Extreme examples in today’s world come to light with the execution of a US woman and the one-time excommunication of soon-to-be-Catholic-saint, Mary MacKillop.

Teresa Lewis was executed in Virginia on Friday afternoon (AEST) fo arranging the killings of her husband and a stepson over a $US250,000 insurance payment.

Amazingly, Lewis had the appearance of a strong Christian and even prayed with her husband in bed before getting up and unlocking the door of their home to let in the killers.

The Sydney Morning Herald reports that Lewis admitted her life had been marked by outrageous bouts of sex and betrayal even as she ‘hewed to the trappings of Christianity’.

‘I was doing drugs, stealing, lying and having several affairs during my marriages,’ reads a statement by Lewis. ‘I went to church every Sunday, Friday and revivals but guess what? I didn’t open my Bible at home, only when I was at church.’

Which is why a Christian life marked only by ‘meetings’ is not a true marker of discipleship. Jesus said that while we would find his presence in the company of other believers, so too among the poor, in serving others and in a heartfelt searching of our own hearts.

Mary MacKillop by all accounts was someone known for these qualities which is no doubt why she was responsible for exposing the paedophilia of a priest, and then excommunicated for her troubles.Read More »

Kill the church but go easy on the gurus…

As a wobbly sounding plane flies over head through the cloud and light rain of an early Leichhardt morning, I consider another staple of inner west life, the Inner West Courier.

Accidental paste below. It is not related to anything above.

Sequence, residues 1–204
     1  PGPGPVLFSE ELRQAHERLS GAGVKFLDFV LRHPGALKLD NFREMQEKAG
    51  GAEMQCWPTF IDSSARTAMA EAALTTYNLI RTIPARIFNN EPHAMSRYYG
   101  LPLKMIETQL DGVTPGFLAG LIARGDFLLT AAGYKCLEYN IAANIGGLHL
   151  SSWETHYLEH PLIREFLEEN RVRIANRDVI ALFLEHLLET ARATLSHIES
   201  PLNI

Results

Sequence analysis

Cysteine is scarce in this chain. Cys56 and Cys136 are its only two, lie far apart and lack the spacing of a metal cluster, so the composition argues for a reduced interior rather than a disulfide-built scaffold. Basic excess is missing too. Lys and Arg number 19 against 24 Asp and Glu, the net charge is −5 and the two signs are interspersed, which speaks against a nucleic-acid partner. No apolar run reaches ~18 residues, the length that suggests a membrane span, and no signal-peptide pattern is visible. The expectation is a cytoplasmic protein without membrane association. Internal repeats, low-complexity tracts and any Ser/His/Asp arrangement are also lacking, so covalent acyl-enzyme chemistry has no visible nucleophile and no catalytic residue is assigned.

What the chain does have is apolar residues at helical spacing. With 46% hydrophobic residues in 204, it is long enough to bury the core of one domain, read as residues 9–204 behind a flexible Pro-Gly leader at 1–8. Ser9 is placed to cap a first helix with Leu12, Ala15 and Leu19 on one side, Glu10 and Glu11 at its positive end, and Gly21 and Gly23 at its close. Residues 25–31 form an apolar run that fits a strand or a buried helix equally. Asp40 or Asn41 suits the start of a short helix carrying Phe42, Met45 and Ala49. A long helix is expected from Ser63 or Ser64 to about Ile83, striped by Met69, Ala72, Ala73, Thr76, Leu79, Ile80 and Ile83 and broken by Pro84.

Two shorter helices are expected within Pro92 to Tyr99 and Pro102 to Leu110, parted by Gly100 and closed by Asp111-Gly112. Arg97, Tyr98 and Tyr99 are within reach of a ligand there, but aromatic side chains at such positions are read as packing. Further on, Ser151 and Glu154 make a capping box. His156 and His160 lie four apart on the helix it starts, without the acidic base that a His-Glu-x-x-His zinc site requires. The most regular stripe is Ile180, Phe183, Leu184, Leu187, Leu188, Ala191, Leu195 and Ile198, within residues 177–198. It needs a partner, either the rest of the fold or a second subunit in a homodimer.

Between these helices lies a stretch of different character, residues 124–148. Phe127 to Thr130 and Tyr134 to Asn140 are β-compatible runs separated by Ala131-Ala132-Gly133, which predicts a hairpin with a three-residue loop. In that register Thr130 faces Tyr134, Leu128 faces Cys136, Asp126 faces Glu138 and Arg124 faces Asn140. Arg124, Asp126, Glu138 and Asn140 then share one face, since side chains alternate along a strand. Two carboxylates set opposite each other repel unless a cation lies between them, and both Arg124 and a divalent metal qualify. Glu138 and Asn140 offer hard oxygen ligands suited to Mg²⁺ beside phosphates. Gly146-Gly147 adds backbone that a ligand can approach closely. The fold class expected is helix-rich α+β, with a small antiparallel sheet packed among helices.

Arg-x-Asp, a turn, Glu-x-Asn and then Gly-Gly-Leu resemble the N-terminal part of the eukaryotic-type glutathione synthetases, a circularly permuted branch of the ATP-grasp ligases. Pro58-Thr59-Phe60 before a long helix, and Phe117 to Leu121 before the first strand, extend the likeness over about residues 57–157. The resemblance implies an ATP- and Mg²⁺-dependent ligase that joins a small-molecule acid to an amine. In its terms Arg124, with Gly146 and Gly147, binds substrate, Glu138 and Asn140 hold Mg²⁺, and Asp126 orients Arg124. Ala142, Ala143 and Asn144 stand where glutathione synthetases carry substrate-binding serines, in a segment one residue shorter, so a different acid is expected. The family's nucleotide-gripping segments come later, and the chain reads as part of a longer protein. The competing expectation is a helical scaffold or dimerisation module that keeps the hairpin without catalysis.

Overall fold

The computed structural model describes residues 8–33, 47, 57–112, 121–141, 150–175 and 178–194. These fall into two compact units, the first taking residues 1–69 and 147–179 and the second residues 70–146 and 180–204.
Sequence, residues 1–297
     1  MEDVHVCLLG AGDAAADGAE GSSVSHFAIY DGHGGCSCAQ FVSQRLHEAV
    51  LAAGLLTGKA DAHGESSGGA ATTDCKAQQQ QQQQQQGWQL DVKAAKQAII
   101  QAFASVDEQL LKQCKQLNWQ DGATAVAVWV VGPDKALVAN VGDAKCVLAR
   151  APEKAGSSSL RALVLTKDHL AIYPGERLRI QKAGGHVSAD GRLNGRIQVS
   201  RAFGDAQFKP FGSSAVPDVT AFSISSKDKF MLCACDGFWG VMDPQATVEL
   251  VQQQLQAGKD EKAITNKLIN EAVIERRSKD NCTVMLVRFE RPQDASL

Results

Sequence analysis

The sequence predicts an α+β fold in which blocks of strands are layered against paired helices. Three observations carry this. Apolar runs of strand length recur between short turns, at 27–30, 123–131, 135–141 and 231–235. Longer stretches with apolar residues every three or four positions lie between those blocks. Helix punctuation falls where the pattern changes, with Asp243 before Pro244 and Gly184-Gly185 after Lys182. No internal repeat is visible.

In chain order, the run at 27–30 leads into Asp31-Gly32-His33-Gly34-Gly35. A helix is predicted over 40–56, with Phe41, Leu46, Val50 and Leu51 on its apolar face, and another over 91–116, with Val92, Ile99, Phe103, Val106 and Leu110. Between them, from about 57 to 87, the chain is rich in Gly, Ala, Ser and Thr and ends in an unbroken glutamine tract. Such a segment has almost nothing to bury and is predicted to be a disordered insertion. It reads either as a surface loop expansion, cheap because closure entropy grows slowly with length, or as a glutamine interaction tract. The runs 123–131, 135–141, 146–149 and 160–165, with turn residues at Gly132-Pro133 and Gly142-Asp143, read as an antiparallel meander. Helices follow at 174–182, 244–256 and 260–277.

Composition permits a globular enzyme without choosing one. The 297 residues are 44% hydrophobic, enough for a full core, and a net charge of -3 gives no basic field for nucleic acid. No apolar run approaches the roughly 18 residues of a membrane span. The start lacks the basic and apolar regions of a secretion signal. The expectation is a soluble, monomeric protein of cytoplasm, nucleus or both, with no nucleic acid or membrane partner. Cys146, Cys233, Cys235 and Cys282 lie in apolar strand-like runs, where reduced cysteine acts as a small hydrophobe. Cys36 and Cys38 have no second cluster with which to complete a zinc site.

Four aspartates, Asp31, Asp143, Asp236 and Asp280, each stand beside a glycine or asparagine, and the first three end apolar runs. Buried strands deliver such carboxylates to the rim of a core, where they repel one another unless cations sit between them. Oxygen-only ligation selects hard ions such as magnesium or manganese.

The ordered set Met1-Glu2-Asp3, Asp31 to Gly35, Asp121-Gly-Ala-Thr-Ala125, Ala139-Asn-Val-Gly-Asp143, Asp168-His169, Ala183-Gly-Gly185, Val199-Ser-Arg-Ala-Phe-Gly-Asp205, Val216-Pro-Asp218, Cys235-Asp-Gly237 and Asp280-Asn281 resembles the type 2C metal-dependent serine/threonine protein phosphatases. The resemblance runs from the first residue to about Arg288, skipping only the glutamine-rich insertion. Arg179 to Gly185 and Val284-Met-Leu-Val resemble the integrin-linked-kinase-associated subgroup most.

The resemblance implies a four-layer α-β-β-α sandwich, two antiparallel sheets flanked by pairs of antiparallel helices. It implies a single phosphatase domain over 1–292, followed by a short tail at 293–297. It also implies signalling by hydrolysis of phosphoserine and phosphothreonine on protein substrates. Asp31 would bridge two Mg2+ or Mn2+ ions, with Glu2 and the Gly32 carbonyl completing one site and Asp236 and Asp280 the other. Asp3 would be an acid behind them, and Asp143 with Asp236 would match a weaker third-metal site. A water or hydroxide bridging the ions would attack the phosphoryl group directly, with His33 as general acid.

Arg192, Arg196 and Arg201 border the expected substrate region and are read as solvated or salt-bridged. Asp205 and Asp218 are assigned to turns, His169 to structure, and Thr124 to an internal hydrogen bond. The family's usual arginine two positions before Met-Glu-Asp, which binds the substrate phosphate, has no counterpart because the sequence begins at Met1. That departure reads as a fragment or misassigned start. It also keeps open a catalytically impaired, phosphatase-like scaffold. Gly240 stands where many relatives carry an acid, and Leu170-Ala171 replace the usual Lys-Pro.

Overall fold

It has thrown up a spiritual conundrum, a coded message of religious reality in our time. Actually, it’s just demonstrating the bleeding obvious…

On page 12 of the August 31 edition, a story celebrates the awarding of the Australian Writers Guild Kit Denton Fellowship Award to Petersham resident George Casti for his script I Want to be Slim.

Great, I think. Good to see some local talent being rewarded and $30,000 can make all the difference as a writer seeks to stave off poverty and establish their craft.

I read on to see what his script is about: ‘…award judged on courage and excellence… Catsi’s “anti-Hillsong” script won… religion is a very polarised area… satirical script is about the Rev Slim Limits and his performance in getting the masses to follow his evangelical ways.’

Mmm, so George gets $30,000 to perfect his script, poking fun, in a courageous and excellent way, at a section of society that, obviously, it is perfectly appropriate to ridicule. The Courier report is matter-of-fact, as if we shouldn’t be surprised that a local church is award-winning, satire material.Read More »